questions involved, (3) the skill requisite to perform the legal service
properly, (4) the preclusion of other employment by the attorney due to
acceptance of the case, (5) the customary fee, (6) whether the fee is fixed
The VA asserts that: 1) Plaintiff should not be able to recover for time
spent on the test case; 2) Plaintiff’s counsel spent an excessive number of hours
reviewing his EEOC files; 3) Plaintiff’s counsel spent an excessive amount of time
reviewing each other’s files and communicating with one another; 4) Plaintiff
cannot recover for “two Spring 2009 filings;” 5) Plaintiff’s counsel spent an
excessive amount of time researching FOIA; and 6) the rates charged by Plaintiff’s
counsel are excessive. (Mem. in Op. at 19-22.) As discussed below, the Court
reduces the hourly rates and the number of hours billed based on the first three
First, Plaintiff has prevailed only with respect to the litigation that
occurred after the first appeal. Therefore, the Court declines to award attorneys’
fees for any litigation prior to the Ninth Circuit’s December 8, 2008 opinion.
(Doc. # 35.) The record reveals that approximately half of Clayton Ikei and Jerry
Chang’s hours occurred prior to the Ninth Circuit’s opinion. (See Mem. in Supp.
or contingent, (7) time limitations imposed by the client or the
circumstances, (8) the amount involved and the results obtained, (9) the
experience, reputation, and ability of the attorneys, (10) the
‘undesirability’ of the case, (11) the nature and length of the professional
relationship with the client, and (12) awards in similar cases.
Kerr v. Screen Extras Guild, Inc., 526 F.2d 67, 70 (9th Cir. 1975).
of Mot., Clayton Ikei, Ex. B.) Eric Schmidt, a paralegal, performed all of his work
prior to the first appeal. Because Plaintiff did not prevail prior to the first appeal,
the Court deducts half of Clayton Ikei and Jerry Chang’s hours, and does not award
any fees for Eric Schmidt.
Second, the VA asserts that Plaintiff counsel’s 106.5 hours spent (97.4
Chang, 3.1 Smith, and 6.0 Esser) reviewing Plaintiff’s EEOC files is excessive.
(Mem. in Op. at 20.) Based on the spreadsheets provided by Plaintiff, the Court
determines that Jerry Chang spent 45.2 hours reviewing the EEOC files after the
first appeal. The Court concludes that 45.2 hours is an excessive amount of time to
review the EEOC files, and therefore reduces this figure by half. The time spent
reviewing EEOC files by Elbridge Smith and Peter Esser is reasonable.
Third, the VA asserts that Plaintiff’s counsel spent 59.9 hours
reviewing each other’s files and communicating with each other, and that the
amount of time spent on those tasks should be reduced by seventy-five percent.
(Mem. in Op. at 21.) The Court concludes that the number of lawyers representing
Plaintiff led to an excessive amount of time spent reviewing files and
communicating with one another. Based on the declarations attached to the fees
motion and the VA’s memorandum in opposition, the Court finds that Plaintiff’s
counsel spent the following time reviewing each other’s files and communicating
with one another: Eric Seitz 5.8 hours; Elbridge Smith 22 hours; and Peter Van
Name Esser 15.7. The Court deems it appropriate to deduct half of this time.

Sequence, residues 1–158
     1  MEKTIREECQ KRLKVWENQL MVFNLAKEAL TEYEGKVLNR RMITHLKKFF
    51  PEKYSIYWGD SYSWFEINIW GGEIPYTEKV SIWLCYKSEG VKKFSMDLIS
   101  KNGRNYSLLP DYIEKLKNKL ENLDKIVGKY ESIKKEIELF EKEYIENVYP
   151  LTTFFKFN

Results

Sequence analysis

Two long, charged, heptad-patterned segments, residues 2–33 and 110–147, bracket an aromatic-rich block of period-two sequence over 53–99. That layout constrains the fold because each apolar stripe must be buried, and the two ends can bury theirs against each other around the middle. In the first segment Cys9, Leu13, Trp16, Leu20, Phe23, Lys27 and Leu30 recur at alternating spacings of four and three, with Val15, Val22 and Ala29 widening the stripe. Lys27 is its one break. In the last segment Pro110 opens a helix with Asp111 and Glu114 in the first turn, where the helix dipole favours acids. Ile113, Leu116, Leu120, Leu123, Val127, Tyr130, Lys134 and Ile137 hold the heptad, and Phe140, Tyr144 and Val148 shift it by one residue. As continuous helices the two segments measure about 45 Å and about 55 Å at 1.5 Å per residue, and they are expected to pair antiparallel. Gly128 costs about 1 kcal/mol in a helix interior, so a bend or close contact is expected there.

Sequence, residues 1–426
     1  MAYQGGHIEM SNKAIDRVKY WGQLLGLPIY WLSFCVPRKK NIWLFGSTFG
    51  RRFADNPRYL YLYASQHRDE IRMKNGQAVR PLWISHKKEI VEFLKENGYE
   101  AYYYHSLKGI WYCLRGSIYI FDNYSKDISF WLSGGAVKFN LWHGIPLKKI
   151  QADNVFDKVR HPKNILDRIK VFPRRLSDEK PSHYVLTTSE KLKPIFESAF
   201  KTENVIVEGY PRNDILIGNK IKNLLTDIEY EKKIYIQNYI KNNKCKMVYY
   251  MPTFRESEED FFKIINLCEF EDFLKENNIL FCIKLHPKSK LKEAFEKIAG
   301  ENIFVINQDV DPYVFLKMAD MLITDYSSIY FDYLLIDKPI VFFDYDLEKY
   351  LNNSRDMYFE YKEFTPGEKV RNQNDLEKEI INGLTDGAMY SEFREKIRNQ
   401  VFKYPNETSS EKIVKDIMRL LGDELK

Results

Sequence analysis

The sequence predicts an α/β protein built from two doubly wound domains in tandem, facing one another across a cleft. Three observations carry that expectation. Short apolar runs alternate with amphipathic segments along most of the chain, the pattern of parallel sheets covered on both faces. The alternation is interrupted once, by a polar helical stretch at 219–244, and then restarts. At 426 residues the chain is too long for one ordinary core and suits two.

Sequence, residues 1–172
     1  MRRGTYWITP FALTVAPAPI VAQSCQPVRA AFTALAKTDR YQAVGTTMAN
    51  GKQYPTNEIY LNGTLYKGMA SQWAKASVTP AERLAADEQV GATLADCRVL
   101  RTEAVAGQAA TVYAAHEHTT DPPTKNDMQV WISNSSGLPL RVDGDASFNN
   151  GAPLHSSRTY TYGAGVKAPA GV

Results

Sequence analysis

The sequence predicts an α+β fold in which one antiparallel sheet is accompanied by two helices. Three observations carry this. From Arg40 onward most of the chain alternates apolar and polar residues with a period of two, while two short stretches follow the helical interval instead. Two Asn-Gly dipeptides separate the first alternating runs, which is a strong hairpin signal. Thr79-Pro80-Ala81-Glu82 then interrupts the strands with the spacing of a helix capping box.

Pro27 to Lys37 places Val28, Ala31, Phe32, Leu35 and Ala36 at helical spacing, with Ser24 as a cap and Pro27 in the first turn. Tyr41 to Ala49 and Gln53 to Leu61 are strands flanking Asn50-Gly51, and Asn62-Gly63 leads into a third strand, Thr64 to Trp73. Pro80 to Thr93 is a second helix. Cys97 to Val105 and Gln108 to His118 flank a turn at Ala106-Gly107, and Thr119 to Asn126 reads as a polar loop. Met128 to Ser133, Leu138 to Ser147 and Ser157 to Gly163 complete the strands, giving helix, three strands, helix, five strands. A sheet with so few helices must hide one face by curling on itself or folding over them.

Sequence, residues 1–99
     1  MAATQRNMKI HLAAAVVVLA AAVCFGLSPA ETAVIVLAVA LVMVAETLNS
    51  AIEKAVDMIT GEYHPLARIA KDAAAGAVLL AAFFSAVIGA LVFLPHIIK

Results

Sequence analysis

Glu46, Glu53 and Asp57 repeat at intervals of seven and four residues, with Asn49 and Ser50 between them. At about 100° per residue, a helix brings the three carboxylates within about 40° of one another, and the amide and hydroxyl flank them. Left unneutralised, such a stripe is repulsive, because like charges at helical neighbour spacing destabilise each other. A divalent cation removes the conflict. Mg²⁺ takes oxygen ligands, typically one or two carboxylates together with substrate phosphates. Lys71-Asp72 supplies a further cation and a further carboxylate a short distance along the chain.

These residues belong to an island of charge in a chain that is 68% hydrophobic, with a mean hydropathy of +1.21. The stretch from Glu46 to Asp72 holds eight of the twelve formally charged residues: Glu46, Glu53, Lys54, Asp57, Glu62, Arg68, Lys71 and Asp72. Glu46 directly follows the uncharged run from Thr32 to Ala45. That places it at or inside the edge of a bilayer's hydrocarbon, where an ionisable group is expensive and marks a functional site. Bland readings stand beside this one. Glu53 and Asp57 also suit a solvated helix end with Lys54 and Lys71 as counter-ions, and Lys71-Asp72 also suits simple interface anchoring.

Fourth, the VA asserts that Plaintiff seeks to recover 43.6 hours spent
on two spring 2009 filings “in which plaintiff failed to heed the court’s direction to
specifically identify which emails were still in dispute.” (Mem. in Op. at 21.) The
Court declines to reduce Plaintiff’s award of attorneys’ fees on this ground,
because Plaintiff did not spend an excessive amount of time on the filings and the
Court has not specifically found either filing frivolous.
Fifth, the VA asserts that Plaintiff counsel’s 127.7 hours spent
researching FOIA was excessive. (Id. at 21-22.) The Court agrees, and in its
discretion reduces this amount by thirty percent.
Finally, the VA asserts that the hourly rates of all counsel should be
reduced to $280 per hour. (Mem. in Op. at 19.) In evaluating hourly rates, “the
court must consider what constitutes a reasonable hourly rate for work performed
in the relevant community by attorneys of similar skill, experience and reputation.”
Mendez v. County of San Bernardino, 540 F.3d 1109, 1129-30 (9th Cir. 2008).
After reviewing the prevailing rates in this community, the Court finds that the
hourly rates requested by counsel are excessive, and reduces them to the following
rates: Eric Seitz - $300; Elbridge Smith - $300; Marcelle Arakaki (paralegal) - $85;
Clayton Ikei - $300; Jerry Chang - $200. The Court also concludes that the
requested rates of Anthony Quan ($175) and Peter Van Name Esser ($300) are
Based on the foregoing, the Court calculates the lodestar as follows:
* Reasonable Rate =
Based on the calculations above, the Court concludes that Plaintiff is
entitled to $129,190.25 in reasonable attorneys’ fees and $5322.64 in general
excise tax (4.712%). The lodestar is presumptively reasonable, and the Court
declines to adjust this figure. Thus, Plaintiff’s total fee award is $134,512.89.
With respect to costs, Plaintiff asserts he is entitled to $9509.76 in
search and duplication costs under 5 U.S.C. § 552(a)(4)(A). The VA asserts that
Plaintiff is not entitled to costs under 5 U.S.C. § 552(a)(4)(A) based on its previous
arguments. (Mem. in Op. at 22.) Based on the analysis above, the Court concludes
that Plaintiff is entitled to his search and duplication costs. The declarations
attached to Plaintiff’s fees motion also establish that Plaintiff is seeking a total of
$8,158.41 in litigation costs. The Court also awards these costs to Plaintiff;
therefore, Plaintiff is entitled to $17,668.17 in total costs.
For the foregoing reasons, the Court GRANTS IN PART and
DENIES IN PART Plaintiff’s motion, and awards Plaintiff $152,181.06 in
attorneys’ fees and costs. The Court directs the Clerk of Court to close the case.
DATED: Honolulu, Hawaii, June 1, 2012.
IT IS SO ORDERED.
/s/ Barry M. Kurren
United States Magistrate Judge
Dated: June 1, 2012
Yonemoto v. Dept. of Veteran Affairs; Civ. No. 06-00378 BMK; ORDER GRANTING IN
PART AND DENYING IN PART PLAINTIFF’S MOTION FOR ATTORNEYS’ FEES AND